Christmas is a magical time of year, with festivities, friends, family and often, several fabulous feasts. how to cope with stress
Stress is our mind and body’s natural response to the pressures of responsibilities, challenges and demands. That’s when our bodies flood with stress hormones like cortisol and adrenaline. Our bodies then fling into action, our heart rates spike, pupils dilate, and our muscles tighten.
It’s important to remember that stress is entirely normal and, in the short term, can be helpful. It keeps us focused and alert. But living in an ongoing state of stress can have a significant impact on our mental and physical health.
1. Manage stress.
Give yourself a break if you feel stressed out, overwhelmed, and out of control. Some of the best ways to manage stress are to find support, connect socially, and get plenty of sleep.
2. Stay hydrated.
On the day of a big night out, and the day after, make a conscious effort to drink 6-8 glasses of water, or plenty of herbal teas or diluted juice. Even mild dehydration can lead to that dreaded headache, and combined with the diuretic effects of alcohol (in case you consume alcohol) makes maintaining your fluid intake so important. Water will be your saving grace. how to cope with stress
3. Eat healthy, stay active.
Eat fruits and vegetables which pack nutrients and help lower the risk for certain diseases. Limit your portion sizes and foods high in fat, salt, and sugar. Also, be active for at least 2½ hours a week and help kids and teens be active for at least 1 hour a day.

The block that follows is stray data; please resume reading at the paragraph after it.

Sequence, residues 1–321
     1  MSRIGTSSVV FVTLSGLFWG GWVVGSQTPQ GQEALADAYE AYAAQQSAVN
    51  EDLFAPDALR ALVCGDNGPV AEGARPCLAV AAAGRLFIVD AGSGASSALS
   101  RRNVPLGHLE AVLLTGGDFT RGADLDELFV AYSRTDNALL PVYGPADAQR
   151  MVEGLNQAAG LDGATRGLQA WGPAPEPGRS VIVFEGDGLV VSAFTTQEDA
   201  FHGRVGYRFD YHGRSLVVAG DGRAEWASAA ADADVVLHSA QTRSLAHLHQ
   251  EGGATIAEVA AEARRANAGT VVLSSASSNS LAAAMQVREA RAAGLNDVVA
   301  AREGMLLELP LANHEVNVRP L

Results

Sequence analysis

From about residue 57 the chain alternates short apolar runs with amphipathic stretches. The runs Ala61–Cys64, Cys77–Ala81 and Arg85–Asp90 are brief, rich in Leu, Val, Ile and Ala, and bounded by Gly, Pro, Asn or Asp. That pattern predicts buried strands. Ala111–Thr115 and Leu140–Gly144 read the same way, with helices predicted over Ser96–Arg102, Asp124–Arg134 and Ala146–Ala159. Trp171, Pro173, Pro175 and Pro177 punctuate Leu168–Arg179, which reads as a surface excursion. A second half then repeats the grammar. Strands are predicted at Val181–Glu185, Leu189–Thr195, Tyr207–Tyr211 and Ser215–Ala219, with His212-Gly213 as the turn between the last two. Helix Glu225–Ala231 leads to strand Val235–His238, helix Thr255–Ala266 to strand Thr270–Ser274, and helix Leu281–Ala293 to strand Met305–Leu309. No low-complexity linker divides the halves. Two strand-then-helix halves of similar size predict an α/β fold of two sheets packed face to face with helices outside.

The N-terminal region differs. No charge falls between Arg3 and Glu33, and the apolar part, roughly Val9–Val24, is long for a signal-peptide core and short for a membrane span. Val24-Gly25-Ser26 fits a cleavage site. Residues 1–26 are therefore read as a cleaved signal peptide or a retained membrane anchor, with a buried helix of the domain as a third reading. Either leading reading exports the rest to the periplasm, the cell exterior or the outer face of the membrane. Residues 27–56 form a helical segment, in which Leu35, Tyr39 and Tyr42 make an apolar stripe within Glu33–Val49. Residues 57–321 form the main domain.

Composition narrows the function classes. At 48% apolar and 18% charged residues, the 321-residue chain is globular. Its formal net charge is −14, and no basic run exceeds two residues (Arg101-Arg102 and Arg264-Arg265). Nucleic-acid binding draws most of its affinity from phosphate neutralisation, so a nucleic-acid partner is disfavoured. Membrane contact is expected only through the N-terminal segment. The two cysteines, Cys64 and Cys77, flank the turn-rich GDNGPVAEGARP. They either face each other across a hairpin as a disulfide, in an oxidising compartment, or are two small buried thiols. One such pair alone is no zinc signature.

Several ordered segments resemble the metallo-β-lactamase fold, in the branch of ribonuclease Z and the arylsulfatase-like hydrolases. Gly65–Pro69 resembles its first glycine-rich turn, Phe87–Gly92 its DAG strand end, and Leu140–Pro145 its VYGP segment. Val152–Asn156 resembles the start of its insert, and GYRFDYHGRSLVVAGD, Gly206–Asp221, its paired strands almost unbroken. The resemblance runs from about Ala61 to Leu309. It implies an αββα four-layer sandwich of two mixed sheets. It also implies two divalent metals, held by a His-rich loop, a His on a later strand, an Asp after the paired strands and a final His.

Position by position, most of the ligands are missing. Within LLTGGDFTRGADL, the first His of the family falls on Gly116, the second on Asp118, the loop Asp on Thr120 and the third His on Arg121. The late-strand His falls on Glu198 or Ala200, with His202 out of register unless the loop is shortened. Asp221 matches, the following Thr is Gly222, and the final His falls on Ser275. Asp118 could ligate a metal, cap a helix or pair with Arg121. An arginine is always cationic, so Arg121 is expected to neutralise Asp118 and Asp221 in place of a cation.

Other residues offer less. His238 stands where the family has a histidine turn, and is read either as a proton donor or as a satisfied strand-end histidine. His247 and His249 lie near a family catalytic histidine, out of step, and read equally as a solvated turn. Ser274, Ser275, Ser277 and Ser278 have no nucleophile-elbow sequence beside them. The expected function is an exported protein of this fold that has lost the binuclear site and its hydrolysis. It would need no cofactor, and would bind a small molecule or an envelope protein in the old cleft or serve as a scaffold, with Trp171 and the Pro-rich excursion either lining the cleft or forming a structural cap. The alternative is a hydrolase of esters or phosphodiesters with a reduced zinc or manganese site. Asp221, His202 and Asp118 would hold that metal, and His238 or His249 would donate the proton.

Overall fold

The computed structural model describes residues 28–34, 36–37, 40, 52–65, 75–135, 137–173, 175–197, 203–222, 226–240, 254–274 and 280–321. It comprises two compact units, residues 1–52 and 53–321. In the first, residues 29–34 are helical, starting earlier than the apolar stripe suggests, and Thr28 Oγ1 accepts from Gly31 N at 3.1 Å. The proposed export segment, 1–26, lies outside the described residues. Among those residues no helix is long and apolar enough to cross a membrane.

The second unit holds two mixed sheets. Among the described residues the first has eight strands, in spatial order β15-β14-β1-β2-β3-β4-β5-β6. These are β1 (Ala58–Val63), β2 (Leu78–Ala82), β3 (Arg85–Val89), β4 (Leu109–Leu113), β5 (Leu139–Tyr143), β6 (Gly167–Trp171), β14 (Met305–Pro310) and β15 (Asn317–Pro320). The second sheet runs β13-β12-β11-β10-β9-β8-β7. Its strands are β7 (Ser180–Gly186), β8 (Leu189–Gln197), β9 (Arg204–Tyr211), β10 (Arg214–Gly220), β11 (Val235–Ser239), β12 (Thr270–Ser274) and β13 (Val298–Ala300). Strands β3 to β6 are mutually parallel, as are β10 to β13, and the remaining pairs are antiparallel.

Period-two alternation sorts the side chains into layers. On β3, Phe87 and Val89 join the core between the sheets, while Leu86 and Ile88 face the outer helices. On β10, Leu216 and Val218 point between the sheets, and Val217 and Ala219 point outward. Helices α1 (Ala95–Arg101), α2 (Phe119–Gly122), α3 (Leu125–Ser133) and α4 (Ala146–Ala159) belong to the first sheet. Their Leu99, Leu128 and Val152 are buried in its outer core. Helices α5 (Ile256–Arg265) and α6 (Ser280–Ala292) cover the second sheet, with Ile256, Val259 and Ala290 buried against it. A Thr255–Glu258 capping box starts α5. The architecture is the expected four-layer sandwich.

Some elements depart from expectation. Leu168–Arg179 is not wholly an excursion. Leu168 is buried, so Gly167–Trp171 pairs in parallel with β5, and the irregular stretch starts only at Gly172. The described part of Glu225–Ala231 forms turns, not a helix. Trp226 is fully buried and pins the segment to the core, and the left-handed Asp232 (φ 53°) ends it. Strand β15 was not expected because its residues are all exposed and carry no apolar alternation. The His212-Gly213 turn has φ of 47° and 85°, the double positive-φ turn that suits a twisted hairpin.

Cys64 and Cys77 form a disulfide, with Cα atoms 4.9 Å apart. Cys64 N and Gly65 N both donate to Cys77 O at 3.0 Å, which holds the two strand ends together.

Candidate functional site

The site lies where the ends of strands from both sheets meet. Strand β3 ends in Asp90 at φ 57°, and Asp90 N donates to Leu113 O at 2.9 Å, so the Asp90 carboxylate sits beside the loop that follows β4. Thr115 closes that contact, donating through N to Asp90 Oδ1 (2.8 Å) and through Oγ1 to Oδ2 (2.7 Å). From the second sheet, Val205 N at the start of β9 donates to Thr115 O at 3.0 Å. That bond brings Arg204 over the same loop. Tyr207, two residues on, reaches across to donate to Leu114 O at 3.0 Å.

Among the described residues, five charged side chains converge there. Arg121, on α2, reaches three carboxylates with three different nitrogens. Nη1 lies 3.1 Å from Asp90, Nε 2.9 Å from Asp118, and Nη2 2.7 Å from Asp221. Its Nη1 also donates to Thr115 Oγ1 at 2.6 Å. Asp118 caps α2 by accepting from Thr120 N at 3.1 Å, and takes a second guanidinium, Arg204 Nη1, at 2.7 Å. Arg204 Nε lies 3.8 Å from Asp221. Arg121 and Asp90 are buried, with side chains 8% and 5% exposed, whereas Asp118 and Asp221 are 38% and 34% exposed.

Once festive season parties and celebrations begin it is not too easy to swap 30 minutes of exercise. If you’re a regular exercise goer, the more time you spend out of your regular habit the harder it will be to restart your regular regime. how to cope with stress
We all know Christmas can send your stress levels into overdrive as well. Taking some time out with some yoga, tai chi or Pilates using available YouTube videos is a great alternative exercise to combat stress levels and to shake up your exercise routine as well.
4. Be smoke-free.
Avoid smoking and secondhand smoke. Smokers have greater health risks because of their tobacco use, but nonsmokers also are at risk when exposed to tobacco smoke.
Get some sleep. Did you know, sleep boosts the immune system, repairs muscle tissue and is crucial for daily body function? Poor sleep affects hormones that regulate appetite. Those who get adequate sleep tend to eat fewer calories than those who don’t.
Getting at least eight hours of sleep can improve your immune function and help fight off any suspicions of the common cold along with nutrition and exercise, good sleep is one of the pillars of health not just for the holiday season, but your health in general.
Most importantly, have a happy, healthy festive season!